Indoors, the Juke Nismo offers a substantially updated interior. The driver gets to toss around a sport steering wheel with Alcantara grips, black leather and red contrast stitching. There's even a red leather band at 12 o'clock just like some of our favorite aftermarket bits. That same motif makes its way to the leather shift knob, but the biggest improvement comes to the fronts seats. Nissan ditched the standard thrones in favor of comfy, heavily bolstered buckets with suede trim. With Nismo embroidery on the backs and matching red stitching, these seats are excellent. You won't find anything else like them in this class.

2013 Nissan Juke Nismo interior2013 Nissan Juke Nismo seat detail2013 Nissan Juke Nismo gauges2013 Nissan Juke Nismo badge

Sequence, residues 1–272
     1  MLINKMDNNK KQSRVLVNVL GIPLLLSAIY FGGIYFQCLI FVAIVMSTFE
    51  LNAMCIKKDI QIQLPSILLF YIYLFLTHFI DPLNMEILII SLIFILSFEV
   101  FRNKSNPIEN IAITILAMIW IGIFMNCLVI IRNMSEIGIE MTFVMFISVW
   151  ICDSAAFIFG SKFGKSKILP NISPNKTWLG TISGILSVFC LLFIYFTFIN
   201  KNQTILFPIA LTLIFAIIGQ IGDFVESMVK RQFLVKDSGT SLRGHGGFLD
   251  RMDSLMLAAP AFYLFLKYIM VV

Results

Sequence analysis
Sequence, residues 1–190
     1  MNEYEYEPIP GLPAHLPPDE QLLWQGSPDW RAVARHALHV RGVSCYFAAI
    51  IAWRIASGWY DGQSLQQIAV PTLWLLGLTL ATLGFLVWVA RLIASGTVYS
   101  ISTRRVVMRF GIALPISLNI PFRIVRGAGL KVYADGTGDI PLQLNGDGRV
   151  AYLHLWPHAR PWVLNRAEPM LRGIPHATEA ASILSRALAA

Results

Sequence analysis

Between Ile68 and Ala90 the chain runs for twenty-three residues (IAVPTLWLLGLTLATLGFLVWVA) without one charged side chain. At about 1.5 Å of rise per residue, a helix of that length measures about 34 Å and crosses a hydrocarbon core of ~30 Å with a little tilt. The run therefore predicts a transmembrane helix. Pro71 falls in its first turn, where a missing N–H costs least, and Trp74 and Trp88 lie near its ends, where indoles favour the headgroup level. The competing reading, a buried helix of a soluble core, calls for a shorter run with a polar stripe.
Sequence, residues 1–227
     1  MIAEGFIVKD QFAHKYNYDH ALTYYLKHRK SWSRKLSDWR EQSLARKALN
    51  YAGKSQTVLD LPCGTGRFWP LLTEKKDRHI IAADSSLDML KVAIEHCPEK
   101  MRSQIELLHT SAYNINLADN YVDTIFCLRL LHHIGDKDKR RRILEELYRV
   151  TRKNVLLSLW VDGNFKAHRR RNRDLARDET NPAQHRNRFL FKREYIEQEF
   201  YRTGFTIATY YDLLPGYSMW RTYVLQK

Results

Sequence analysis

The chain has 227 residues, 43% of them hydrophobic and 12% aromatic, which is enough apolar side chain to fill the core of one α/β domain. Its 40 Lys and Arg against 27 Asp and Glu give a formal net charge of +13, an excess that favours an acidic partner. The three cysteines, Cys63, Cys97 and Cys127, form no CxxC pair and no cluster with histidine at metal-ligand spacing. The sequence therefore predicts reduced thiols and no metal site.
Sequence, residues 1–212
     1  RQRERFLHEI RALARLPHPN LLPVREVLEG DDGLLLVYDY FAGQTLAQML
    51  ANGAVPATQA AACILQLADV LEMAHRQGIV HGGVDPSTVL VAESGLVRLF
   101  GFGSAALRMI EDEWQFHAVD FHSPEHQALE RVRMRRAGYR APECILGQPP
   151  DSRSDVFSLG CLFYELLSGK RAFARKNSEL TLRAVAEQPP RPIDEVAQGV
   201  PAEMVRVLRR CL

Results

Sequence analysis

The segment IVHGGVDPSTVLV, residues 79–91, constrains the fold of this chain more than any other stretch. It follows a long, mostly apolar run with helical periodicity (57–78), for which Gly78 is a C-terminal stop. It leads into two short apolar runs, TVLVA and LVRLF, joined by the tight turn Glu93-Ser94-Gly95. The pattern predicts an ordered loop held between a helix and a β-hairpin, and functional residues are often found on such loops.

Despite the ride height, this CUV wants to be flung around corners.

Despite the substantial aesthetic adjustments inside and out, the driveline remains largely unchanged. Expect to find a small nudge in power – up to 197 horsepower and 184 pound-feet of torque from the base 188 hp and 177 lb-ft. The bump is thanks to a little ECU tweaking as the intake and exhaust hardware remain unchanged from the standard model. The Juke Nismo does offer a retuned electric power steering system, and models equipped with the CVT will enjoy a sportier "shift pattern" that will hold gear ratios longer between each step.

Engineers saw fit to serve up springs and dampers that are 10-percent stiffer all the way around for a slightly sportier feel, though we think the larger wheels and stickier tires have as much to do with the added grip and change in ride as the compressible bits. On the road, the Juke Nismo feels slightly sharper than the base model. There's still plenty of body roll to be had, but the standard Juke has always been a blast to throw around despite that fact. The extra little tweaks found on the Nismo only make that sensation ring more true. Despite the ride height, this CUV wants to be flung around corners.